Mother’s milk is the first form of food that is given to human beings. No matter what their status or circumstances, mother’s milk is there to nourish and lead the young one to fruition and growth. Mother’s milk is the gift and blessing received by all without special privilege or value. In this way all humanity fundamentally begin as equals, nourished and loved beneath the beautiful breast of their mother. The typical contents in mother’s milk contains many enzymes, minerals and vitamins, hormones (melanin), and water. Milk is an expression of the woman’s blood. Milk is in reality a product of blood. All the fluids of women are essentially blood at their base. The act of breast-feeding bonds the infant to the mother. The love and touching that is experienced allows the emotions and the mind to mature. If the mind and the emotions are matured then thus the soul also has a better relationship to the Creator. The human infant like many organisms in life is depended on love for full growth and experience. Studies have shown that women who do not breast-feed or who do not nurture are more likely to have children with socially maladaptive qualities, which includes, withdrawal, depression, learning disabilities and more. Thus maternal love and nurturing through the act of breast-feeding, is actually the seeds of a full and functional adult. The lack of breast-milk and maternal love is also the base of eating disorders, allergies and even substance abuse. Please, this is not a blame mother diatribe. Mothers need love and support, too. They are Mothers, but they are human-beings first. Mothers also need knowledge and guidance. Correct information empowers and allows women to know and understand how powerful and beautiful motherhood is. As an extension, fatherhood is also powerful and beautiful. And it is a way of educating women and men on the importance of putting love first in societal tenets For by knowing, one knows how to make the right decision that will help both mother, father and baby and thus the whole community.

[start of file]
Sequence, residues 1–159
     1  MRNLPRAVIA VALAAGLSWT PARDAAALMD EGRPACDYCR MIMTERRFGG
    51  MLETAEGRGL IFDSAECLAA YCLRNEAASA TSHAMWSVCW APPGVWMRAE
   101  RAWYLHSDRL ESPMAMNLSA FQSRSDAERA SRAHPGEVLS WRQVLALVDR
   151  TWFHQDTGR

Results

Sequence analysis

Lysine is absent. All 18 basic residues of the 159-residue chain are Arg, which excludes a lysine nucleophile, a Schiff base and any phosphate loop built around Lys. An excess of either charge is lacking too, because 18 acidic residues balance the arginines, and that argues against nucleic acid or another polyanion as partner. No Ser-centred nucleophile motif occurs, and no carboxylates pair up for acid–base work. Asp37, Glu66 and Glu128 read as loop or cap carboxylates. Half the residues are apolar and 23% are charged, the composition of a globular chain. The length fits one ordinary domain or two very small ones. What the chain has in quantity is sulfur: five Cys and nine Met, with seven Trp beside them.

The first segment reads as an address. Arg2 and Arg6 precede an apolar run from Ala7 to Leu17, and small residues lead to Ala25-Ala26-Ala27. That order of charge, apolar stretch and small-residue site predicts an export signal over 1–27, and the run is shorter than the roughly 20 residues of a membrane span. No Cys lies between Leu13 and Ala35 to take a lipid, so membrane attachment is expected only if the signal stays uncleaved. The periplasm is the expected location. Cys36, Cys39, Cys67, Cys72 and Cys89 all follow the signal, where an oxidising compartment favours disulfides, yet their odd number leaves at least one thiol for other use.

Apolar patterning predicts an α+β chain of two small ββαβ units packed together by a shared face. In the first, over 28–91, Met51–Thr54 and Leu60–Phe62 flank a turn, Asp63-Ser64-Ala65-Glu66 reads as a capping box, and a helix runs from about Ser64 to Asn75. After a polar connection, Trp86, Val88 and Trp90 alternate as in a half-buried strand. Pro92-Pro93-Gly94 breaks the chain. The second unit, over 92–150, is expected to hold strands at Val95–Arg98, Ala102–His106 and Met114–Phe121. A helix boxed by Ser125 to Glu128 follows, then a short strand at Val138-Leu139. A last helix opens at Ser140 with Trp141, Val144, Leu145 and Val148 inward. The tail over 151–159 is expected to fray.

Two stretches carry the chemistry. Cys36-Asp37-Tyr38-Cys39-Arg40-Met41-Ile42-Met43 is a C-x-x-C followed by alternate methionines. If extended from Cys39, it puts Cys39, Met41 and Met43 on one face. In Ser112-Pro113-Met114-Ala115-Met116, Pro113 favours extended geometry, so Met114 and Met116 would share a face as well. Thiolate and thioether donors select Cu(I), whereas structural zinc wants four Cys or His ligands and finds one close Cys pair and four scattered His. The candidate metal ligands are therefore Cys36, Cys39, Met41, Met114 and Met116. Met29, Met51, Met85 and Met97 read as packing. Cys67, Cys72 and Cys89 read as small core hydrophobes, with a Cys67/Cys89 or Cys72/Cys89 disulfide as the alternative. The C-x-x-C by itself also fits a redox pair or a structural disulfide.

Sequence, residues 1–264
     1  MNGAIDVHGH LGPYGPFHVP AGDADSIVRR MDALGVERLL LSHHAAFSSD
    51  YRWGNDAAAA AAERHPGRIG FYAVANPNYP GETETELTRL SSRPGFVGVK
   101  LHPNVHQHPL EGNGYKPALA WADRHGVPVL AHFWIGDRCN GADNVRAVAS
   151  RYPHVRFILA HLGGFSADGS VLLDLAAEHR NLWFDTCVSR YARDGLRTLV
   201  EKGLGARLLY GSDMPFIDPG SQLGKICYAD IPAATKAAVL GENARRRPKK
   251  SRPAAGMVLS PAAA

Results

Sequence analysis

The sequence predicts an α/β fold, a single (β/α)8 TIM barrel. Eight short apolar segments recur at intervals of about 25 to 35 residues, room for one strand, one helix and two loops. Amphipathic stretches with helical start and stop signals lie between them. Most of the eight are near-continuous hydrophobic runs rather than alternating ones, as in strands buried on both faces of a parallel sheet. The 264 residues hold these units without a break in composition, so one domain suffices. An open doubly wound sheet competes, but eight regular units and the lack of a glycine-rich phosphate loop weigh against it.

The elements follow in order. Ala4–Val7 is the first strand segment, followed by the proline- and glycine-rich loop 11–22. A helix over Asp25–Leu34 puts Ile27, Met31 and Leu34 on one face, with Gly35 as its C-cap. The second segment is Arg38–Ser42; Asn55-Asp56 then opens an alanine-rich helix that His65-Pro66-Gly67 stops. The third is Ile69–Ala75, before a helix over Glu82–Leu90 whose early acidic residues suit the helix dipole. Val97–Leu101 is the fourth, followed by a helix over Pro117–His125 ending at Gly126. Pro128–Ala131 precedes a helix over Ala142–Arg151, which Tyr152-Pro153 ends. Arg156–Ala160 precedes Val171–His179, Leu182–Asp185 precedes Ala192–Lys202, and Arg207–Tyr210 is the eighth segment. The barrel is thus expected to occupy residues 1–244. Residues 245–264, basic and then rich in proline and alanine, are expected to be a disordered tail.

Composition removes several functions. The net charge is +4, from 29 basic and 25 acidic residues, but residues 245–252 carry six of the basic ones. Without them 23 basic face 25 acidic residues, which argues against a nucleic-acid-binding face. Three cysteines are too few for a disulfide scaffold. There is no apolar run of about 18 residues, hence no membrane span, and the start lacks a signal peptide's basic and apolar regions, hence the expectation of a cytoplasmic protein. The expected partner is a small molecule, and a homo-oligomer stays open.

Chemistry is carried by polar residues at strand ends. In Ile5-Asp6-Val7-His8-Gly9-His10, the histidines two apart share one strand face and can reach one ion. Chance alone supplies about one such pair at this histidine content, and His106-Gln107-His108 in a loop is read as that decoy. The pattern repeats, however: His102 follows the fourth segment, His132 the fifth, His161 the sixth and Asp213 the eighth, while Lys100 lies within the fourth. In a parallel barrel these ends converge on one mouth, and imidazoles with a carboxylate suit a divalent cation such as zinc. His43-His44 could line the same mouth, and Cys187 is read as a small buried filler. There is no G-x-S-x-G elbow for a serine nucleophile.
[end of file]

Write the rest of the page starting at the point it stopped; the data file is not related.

Saying that, it is by no surprise that in ancient Kushitic culture, the image of Her holding the diving infant is the eternal symbol of divine love, forgiveness and mercy. It is this image, particularly recognized in the Auset and Heru motifs and also in European images of the Black Madonna that the Creator’s love is deeply understood. Maternal love deified characterizes not only the early life of gods and great ancestors, female and male but it also appears in our understanding of the earth mother, the heavenly mother, mother moon and mother sun. The Divine Power is the mother feeding and caring for us with her sacred milk, her touches, hugs and wisdom. Whether She is perceived as the heavens, nature, divine scripture and law or as our very personal biological mother, she is the center of our minds and hearts.

Leave a Reply